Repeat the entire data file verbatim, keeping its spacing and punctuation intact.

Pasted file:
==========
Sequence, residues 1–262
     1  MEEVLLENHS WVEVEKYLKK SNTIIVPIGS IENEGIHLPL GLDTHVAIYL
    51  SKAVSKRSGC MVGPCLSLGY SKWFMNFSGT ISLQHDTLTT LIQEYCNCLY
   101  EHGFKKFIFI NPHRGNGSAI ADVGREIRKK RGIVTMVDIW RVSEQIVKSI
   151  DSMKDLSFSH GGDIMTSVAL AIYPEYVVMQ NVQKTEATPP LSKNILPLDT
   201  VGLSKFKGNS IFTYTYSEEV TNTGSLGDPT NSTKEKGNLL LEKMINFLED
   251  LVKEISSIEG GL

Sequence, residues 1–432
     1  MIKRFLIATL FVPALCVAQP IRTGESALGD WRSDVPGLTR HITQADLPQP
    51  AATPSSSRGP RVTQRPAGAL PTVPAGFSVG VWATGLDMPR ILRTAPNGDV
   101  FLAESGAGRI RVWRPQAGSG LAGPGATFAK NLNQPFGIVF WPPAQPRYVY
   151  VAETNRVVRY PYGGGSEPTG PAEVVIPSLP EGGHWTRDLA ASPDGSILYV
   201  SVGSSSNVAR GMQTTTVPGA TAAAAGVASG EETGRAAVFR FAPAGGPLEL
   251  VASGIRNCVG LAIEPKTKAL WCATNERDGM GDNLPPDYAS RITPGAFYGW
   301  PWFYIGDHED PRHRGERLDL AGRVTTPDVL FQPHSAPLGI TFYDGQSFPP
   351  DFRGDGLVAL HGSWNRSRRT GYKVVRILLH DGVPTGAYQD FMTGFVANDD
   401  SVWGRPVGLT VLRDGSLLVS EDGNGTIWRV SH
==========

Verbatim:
Sequence, residues 1–262
     1  MEEVLLENHS WVEVEKYLKK SNTIIVPIGS IENEGIHLPL GLDTHVAIYL
    51  SKAVSKRSGC MVGPCLSLGY SKWFMNFSGT ISLQHDTLTT LIQEYCNCLY
   101  EHGFKKFIFI NPHRGNGSAI ADVGREIRKK RGIVTMVDIW RVSEQIVKSI
   151  DSMKDLSFSH GGDIMTSVAL AIYPEYVVMQ NVQKTEATPP LSKNILPLDT
   201  VGLSKFKGNS IFTYTYSEEV TNTGSLGDPT NSTKEKGNLL LEKMINFLED
   251  LVKEISSIEG GL

Sequence, residues 1–432
     1  MIKRFLIATL FVPALCVAQP IRTGESALGD WRSDVPGLTR HITQADLPQP
    51  AATPSSSRGP RVTQRPAGAL PTVPAGFSVG VWATGLDMPR ILRTAPNGDV
   101  FLAESGAGRI RVWRPQAGSG LAGPGATFAK NLNQPFGIVF WPPAQPRYVY
   151  VAETNRVVRY PYGGGSEPTG PAEVVIPSLP EGGHWTRDLA ASPDGSILYV
   201  SVGSSSNVAR GMQTTTVPGA TAAAAGVASG EETGRAAVFR FAPAGGPLEL
   251  VASGIRNCVG LAIEPKTKAL WCATNERDGM GDNLPPDYAS RITPGAFYGW
   301  PWFYIGDHED PRHRGERLDL AGRVTTPDVL FQPHSAPLGI TFYDGQSFPP
   351  DFRGDGLVAL HGSWNRSRRT GYKVVRILLH DGVPTGAYQD FMTGFVANDD
   401  SVWGRPVGLT VLRDGSLLVS EDGNGTIWRV SH